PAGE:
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September 13, 2005: Fun with fruit

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Several weeks ago I got it into my head that it would be really neat to be able to dry our own fruit. I'm not entirely sure why I suddenly decided this would be a cool idea, beyond the fact that at the rate our trees are going, eventually we are going to have fruit coming out our ears and finding a way to preserve it (short of canning it, which I also intend to do, but I also recognize that canning is an extremely time and labor intensive process) would probably be a good thing. Or rather, assuming that the apple tree actually does more than put out a few piddly white flowers, and the peach tree can churn out enough peaches that even the birds can not eat them all before I can get to them, we will have fruit coming out our ears.

I started poking around online looking at prices and comparing the different features available on, but I wasn't entirely ready to commit to that kind of financial investment without getting some actual word-of-mouth input from someone who has actually *used* one. But then the church had its annual barbeque and silent auction, and lo and behold someone donated a food dehydrator to the cause. We didn't actually attend the auction, but they set it all up beforehand (for precisely this reason) and I scribbled in a $10 bid, figuring maybe I might get lucky. And what do you know, I did.

So far I think it is one of the best $10 we have ever spent. It's a larger, slower model, since it only has a heating unit and no fan to speed the drying process along. And it does have the annoying quality of being too large (the trays, at least) to fit into either the dishwasher or the sink, so cleaning the trays is a major hassle. But it also has five trays, which hold a phenomenal amount of sliced bananas, or six apples, cored and sliced thin, and more importantly, I have finally found a source of dried fruit that I actually *like*.

We picked it up before we left for DragonCon and after we tried it out on a few different types of fruits (dried pears, by the way, are *nasty*), we decided to start a round-the-clock drying effort, and managed to produce a large pile of dried apples and bananas, which I then divided into single serving Ziploc bags for us to take on our trip. This turned out to be a better idea than I'd imagined � not only because United no longer provides free meals on their longer trips, but also because a little bag of dried fruit makes a far healthier snack, and an easier one to procure when you only have a short period of time between session and there are several thousand nerds in various forms of costuming between you and the nearest source of food. Plus, apples I've dried myself are really quite good. I've never been a big fan of the dried fruit you can buy in stores because it tends to have this squishy, rubbery texture that I find really quite revolting. But these I can dry until they almost snap, and until they have a very satisfying chewy quality. I think the dried bananas are foul and disgusting, but Richard really likes them, so we each had our own stash and it worked out really well.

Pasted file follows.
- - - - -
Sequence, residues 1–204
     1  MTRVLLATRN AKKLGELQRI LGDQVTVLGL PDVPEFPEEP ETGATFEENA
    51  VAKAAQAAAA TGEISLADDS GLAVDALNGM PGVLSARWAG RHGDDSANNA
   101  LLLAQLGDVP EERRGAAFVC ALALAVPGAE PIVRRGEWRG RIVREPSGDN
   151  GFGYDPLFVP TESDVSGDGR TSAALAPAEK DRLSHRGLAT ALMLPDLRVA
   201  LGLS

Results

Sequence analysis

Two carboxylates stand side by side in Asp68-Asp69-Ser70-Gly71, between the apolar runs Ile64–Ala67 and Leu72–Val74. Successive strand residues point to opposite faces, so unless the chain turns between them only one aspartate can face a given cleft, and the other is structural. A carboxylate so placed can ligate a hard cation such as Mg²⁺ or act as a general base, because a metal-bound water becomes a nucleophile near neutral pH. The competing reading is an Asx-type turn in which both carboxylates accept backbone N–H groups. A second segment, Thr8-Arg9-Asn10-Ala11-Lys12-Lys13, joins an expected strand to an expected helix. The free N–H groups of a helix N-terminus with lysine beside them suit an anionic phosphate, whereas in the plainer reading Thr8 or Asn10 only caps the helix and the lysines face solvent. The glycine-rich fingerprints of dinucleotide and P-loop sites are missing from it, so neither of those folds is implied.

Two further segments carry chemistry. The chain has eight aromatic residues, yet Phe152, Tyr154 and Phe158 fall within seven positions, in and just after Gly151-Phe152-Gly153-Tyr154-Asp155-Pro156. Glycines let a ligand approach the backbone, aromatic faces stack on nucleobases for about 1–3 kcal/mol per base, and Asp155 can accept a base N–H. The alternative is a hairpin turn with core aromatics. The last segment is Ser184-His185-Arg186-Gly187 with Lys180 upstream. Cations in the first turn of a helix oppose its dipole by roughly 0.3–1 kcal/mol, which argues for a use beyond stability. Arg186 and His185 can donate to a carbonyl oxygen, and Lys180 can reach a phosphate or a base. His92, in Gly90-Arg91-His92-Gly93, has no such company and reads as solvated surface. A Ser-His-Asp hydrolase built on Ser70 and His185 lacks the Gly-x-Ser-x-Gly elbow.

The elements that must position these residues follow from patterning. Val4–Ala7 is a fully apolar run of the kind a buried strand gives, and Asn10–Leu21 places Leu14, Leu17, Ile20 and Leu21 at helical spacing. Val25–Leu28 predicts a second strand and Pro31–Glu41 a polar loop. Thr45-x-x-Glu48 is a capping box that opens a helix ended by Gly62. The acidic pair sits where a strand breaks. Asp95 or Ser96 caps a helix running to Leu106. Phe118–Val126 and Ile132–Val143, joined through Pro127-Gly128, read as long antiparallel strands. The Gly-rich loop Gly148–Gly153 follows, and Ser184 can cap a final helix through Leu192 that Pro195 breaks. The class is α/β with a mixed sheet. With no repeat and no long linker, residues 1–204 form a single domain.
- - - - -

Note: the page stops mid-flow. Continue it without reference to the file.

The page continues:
Since we've returned from DragonCon I've been intent on developing a decent stockpile of dried fruit for snacking purposes, as well as to take on trips. It certainly doesn't hurt that the last time we were at Costco they had huge bags of bananas and apples for really cheap. It does take a little bit of time and effort to get the fruit prepared � the bananas don't need any pretreatment, but they do have an annoying tendency to adhere to the trays, which means once they're done someone has to then pry every single chip by hand from the plastic mesh, and the apples have to be dipped in a preservative (ascorbic acid or lemon juice) to prevent that icky taste that can develop when they start to turn brown from exposure to air. However, I've been doing a little experimenting in the last few days, to test a few theories. I've discovered that leaving the peel on the apples doesn't change the taste or texture, so that's at least one less step in the process. I've also been dabbling with flavoring. I did one tray of apples sprinkled liberally with cinnamon and once they'd dried and set a few days, those turned out marvelously, and I am pondering trying a few with a mixture of nutmeg, cinnamon, cloves and allspice (and a little sugar for sweetness) to try to duplicate an apple pie sort of flavor. We're also realizing that eventually we're going to have a lot of citrus fruit from the tangelo and grapefruit trees, so at some point in the near future I'm going to try candying a few test batches, to see how those turn out.

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